Vehicular Networks and the Modernist Seaways: Crane, Lorca, Novo, Hughes

Harris Feinsod*

*Corresponding author for this work

Research output: Contribution to journalReview articlepeer-review

5 Scopus citations


This essay salvages the clich of transatlantic liners passing in the night as a figure for the comparative cultural history of modernist poetics, literalizing the trope of passing liners through a fresh enumeration of some archives of shipboard and portside poetry. Reckoning the blind resemblances between the poems of Hart Crane, Federico García Lorca, Salvador Novo, Langston Hughes, and others, the essay proposes a divergent history of transnational poetics. Instead of a story of planetary simultaneism in the age of a "shrinking world," it is a story of internationalism flaring intermittently across incongruent registers of discourse and experience in an age of discrepant modernities. By tracing the iconology of sailors and the demotic reverence for the vehicular argot of seamen across the interwar poetry of the Atlantic seaways, we see conspicuous affinities between and among corpora that otherwise neglect to mark debts to one another.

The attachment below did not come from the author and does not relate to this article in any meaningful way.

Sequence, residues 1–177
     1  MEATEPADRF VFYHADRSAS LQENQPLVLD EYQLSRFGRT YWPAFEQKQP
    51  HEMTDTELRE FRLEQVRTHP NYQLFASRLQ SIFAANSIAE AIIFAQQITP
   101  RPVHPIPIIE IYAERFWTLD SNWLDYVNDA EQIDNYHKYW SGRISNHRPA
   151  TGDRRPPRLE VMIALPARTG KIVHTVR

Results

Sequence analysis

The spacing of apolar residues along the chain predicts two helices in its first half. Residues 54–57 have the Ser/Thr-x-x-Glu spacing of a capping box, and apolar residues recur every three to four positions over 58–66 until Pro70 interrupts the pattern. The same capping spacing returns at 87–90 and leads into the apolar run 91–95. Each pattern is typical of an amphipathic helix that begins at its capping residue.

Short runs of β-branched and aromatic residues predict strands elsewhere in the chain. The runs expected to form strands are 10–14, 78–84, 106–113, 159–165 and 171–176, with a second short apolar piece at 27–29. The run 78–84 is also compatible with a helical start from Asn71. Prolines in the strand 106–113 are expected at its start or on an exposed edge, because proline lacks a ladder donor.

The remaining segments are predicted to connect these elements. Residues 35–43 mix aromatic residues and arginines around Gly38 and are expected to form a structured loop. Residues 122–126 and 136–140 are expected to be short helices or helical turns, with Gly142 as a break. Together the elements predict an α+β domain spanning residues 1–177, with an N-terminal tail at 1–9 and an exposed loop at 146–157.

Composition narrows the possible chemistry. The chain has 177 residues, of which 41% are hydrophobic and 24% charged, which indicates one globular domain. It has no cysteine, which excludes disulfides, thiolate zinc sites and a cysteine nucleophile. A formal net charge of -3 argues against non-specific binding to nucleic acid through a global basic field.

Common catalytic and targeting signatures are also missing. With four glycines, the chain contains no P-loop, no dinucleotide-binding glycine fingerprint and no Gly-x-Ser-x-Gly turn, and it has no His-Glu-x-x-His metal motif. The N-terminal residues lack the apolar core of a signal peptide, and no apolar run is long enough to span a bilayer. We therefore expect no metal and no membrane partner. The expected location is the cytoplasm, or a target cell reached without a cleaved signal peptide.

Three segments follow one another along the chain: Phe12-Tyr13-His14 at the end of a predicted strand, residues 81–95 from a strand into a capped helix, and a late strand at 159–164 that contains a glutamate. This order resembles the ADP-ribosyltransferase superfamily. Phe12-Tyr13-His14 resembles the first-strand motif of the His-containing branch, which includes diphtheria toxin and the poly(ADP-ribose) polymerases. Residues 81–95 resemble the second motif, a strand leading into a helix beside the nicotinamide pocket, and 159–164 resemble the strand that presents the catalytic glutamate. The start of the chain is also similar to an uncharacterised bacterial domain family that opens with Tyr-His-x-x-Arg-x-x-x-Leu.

Original languageEnglish (US)
Pages (from-to)683-716
Number of pages34
JournalAmerican Literary History
Issue number4
StatePublished - Dec 1 2015


  • Hart Crane
  • Langston Hughes
  • Salvador Novo
  • maritime literature
  • modernism
  • poetry
  • transnationalism

ASJC Scopus subject areas

  • Cultural Studies
  • History
  • Literature and Literary Theory


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